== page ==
It's not a secret that job searching is a hard, stressful process and getting an invitation to an interview, as well as passing it, is only half of the job. The hardest thing is waiting for an employer to call you with the job offer.
Often, while waiting for them to reach you, candidates start to analyze all the questions asked and answers given, the way we "sold" ourselves and how did the interviewer behave in order to get a basic idea if you're going to be hired or not.
But the thing is trying to read between the lines to figure out what your chances are is not the best way to spend time. More importantly, there is no way to predict your chances of getting a job. There is literally no way to do that. A lot of so-called "tell-tale signs" can be misread even if they seem obvious. Here are three of them and why you shouldn't count on them:
That Job You Interviewed For Has Been Reposted
Job seekers sometimes like to check and see if the job they just interviewed for is still listed. And they get excited if they see that it isn’t. This has to be good news for their chances, right? Maybe. But sometimes they see it reposted. And they wonder what the heck is going on. Is it a bad sign? Naturally they worry that it’s the end of the hiring road for them.
If you interviewed with an employer and within a day or two the job is reposted, doesn’t that HAVE to mean that you blew it? Well, it could mean that, but not always. There are other possible reasons. The most obvious reason would be that they haven’t found THE candidate they consider strong enough for the job, even if they like you. Or they may simply have gotten too few candidates, even if they have a potential winner, to satisfy internal recruiting requirements. Or they may not be in a rush and just want to see who else might apply. Or maybe they may have made an offer, had the person turn them down, and are obligated to repost. Or all kinds of other possibilities.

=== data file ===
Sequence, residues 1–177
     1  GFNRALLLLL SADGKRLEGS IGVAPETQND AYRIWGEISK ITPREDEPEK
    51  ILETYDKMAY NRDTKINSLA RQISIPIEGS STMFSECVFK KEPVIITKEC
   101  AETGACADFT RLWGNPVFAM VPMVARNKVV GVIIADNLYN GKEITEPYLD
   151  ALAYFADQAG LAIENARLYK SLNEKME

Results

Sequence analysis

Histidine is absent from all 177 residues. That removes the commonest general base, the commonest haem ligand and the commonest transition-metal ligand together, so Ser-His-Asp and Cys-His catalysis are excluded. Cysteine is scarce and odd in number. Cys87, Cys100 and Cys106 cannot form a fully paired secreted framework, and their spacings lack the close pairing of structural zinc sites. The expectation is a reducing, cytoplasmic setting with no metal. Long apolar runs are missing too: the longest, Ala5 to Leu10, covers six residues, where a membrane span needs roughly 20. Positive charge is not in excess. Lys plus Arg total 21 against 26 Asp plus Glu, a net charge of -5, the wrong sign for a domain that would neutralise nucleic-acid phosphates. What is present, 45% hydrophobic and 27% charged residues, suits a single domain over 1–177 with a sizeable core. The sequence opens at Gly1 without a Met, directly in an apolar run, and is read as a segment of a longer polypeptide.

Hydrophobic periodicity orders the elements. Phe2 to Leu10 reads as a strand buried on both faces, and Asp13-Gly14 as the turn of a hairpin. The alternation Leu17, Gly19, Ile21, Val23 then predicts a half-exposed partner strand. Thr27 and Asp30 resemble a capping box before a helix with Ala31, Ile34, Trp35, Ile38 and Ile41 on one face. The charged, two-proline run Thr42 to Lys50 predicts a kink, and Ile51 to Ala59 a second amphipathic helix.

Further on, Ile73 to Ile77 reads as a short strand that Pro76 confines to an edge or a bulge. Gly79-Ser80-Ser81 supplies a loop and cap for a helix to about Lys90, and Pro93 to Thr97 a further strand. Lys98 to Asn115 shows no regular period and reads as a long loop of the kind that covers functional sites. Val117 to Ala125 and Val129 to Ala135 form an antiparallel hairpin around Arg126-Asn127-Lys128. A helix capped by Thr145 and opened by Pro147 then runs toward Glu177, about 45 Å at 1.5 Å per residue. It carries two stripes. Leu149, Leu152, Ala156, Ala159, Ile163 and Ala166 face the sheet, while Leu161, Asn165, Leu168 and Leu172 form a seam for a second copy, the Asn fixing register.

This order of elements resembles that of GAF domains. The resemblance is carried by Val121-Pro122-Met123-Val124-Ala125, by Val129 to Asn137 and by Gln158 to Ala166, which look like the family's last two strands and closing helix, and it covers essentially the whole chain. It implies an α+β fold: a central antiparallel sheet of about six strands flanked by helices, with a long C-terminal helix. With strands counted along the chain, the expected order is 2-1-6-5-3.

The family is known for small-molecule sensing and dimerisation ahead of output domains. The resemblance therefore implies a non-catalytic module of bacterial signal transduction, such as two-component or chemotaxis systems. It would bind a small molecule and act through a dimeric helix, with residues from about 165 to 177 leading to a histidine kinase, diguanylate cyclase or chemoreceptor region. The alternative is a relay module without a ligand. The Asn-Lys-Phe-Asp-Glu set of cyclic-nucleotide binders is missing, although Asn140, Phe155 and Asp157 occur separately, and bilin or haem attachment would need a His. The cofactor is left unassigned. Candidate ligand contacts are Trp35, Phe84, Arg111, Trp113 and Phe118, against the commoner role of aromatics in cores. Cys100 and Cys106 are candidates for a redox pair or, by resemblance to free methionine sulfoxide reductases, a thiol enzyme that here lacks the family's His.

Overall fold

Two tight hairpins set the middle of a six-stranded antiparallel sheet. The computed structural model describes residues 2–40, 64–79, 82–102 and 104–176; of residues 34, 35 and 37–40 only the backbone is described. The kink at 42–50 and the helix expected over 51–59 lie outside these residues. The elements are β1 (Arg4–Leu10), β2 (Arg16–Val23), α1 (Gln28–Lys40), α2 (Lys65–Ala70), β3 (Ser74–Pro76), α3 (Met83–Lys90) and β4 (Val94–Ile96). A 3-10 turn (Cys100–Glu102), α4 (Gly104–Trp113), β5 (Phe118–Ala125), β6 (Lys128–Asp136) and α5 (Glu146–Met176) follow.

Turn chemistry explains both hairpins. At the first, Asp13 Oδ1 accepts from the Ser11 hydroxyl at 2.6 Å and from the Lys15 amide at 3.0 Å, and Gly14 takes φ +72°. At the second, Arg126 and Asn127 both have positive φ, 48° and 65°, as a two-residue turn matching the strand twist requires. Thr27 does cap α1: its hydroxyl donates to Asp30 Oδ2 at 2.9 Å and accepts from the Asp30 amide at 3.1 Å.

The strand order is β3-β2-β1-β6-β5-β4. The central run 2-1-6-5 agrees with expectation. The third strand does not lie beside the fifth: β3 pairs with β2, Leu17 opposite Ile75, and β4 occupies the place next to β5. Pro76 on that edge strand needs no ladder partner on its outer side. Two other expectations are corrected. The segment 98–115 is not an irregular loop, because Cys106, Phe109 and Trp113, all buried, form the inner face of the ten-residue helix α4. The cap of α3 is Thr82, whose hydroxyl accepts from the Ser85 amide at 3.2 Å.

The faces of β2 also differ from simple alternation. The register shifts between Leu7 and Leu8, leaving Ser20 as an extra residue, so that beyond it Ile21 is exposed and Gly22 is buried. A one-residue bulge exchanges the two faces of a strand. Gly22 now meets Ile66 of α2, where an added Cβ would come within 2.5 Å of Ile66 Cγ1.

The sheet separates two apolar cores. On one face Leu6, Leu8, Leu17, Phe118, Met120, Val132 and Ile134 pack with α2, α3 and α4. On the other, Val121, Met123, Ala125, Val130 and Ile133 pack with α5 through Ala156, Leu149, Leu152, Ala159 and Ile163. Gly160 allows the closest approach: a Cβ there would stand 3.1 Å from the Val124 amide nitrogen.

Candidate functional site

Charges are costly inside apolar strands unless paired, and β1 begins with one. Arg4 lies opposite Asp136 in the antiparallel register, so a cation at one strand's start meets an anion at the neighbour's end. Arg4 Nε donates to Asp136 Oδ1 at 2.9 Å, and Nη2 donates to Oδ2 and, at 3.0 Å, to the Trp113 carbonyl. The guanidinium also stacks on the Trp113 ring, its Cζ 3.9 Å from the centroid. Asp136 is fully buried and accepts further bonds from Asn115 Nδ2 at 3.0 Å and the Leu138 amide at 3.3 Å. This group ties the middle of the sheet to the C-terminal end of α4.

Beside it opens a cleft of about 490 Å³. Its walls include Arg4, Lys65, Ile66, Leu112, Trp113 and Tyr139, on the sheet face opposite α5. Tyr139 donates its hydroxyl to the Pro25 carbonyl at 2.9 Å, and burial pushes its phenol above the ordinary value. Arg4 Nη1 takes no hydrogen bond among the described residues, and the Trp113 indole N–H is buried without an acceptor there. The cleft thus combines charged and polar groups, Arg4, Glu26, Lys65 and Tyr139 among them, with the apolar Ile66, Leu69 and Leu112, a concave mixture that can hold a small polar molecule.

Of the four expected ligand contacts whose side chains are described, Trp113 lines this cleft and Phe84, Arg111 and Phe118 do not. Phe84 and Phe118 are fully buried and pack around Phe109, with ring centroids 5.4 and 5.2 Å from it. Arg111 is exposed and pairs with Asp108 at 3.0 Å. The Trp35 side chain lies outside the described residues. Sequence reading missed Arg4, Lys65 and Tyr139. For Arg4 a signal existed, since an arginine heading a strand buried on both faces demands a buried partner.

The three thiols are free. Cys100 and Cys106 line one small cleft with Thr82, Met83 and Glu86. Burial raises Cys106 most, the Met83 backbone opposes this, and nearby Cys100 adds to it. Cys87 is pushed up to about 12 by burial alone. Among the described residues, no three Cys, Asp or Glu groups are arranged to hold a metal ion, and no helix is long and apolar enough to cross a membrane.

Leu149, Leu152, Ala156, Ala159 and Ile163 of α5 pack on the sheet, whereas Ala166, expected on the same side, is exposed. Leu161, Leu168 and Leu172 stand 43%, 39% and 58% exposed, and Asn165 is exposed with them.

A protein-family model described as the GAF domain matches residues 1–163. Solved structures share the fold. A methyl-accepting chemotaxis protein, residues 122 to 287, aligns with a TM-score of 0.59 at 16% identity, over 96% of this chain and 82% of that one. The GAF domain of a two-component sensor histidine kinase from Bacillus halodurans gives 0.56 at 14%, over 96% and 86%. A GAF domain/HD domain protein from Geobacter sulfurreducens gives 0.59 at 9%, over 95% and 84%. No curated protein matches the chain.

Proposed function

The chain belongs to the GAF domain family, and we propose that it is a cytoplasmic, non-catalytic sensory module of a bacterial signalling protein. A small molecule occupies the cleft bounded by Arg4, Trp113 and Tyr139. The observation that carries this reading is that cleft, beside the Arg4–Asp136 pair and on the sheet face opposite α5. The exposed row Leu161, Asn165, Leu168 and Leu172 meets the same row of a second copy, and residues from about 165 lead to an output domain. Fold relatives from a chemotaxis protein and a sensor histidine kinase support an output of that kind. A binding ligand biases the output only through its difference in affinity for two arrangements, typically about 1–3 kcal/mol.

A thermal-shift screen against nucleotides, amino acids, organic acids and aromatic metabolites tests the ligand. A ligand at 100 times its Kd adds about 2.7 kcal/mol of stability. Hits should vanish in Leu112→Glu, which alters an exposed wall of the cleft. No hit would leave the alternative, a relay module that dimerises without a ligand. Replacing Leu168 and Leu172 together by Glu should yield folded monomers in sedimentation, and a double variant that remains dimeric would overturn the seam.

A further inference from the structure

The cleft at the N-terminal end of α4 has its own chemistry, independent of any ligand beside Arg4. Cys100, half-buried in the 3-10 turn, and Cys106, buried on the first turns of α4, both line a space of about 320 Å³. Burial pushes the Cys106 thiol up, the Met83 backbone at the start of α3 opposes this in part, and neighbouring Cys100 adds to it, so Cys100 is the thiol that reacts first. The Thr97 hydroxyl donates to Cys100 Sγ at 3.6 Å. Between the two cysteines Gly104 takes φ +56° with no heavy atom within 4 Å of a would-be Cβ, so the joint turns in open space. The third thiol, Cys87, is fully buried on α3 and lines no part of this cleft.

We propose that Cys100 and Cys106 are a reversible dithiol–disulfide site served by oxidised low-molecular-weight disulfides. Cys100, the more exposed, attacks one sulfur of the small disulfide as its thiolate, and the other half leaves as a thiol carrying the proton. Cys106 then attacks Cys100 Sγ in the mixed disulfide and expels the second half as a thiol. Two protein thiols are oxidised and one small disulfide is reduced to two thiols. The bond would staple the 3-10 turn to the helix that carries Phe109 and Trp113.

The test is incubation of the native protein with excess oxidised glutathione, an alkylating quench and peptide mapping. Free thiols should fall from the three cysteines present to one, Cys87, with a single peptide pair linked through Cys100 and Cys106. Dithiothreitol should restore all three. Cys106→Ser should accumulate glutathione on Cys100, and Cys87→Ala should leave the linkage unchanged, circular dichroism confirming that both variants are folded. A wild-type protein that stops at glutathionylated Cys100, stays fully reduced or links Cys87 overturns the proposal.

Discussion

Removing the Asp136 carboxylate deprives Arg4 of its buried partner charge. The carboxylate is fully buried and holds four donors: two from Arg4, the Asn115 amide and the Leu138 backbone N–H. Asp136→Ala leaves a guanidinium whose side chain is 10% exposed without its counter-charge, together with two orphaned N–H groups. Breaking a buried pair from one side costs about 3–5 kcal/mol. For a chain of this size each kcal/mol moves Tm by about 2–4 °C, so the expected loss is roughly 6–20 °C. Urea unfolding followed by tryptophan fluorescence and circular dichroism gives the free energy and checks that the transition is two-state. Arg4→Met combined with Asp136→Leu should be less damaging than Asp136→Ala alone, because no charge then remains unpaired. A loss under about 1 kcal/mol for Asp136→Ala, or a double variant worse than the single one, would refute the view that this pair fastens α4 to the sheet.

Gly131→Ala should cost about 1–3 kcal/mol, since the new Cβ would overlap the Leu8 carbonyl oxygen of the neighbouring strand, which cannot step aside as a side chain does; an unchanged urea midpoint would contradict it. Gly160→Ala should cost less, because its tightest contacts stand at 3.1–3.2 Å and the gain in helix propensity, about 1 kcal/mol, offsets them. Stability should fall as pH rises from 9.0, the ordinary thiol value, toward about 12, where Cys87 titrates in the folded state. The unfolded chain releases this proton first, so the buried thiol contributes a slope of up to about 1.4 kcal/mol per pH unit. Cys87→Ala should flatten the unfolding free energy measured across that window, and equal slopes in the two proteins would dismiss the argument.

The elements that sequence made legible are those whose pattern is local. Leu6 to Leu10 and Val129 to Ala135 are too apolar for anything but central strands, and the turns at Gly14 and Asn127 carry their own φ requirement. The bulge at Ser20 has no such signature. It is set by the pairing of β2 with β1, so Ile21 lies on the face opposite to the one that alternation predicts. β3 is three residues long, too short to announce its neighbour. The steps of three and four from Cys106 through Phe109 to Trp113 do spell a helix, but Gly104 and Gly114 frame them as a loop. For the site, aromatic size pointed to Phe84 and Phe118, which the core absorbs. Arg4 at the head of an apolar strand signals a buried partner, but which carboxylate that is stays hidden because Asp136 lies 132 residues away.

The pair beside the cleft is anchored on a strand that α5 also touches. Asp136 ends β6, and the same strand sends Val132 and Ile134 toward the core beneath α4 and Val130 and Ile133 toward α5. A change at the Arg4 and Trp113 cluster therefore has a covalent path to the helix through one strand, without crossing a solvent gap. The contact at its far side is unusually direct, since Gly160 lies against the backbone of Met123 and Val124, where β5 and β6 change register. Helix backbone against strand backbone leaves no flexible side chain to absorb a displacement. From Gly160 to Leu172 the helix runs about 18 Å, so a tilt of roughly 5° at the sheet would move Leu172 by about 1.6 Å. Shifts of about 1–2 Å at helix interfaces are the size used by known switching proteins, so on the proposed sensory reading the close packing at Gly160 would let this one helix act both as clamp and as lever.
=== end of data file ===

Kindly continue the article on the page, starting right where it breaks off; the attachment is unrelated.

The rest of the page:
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In most cases, if a hiring manager is reposting a position just to cover his bases, he’ll be in touch with the top candidates. So, if you are one of the candidates on the short list for a second interview, you’ll get an email or a phone-call regarding scheduling. And if you are one of a top candidates, you’ll likely get some other form of positive reinforcement. Although, if the position is reposted and you haven’t heard anything from them for a while (like 2 weeks), it’s smart to start considering other opportunities.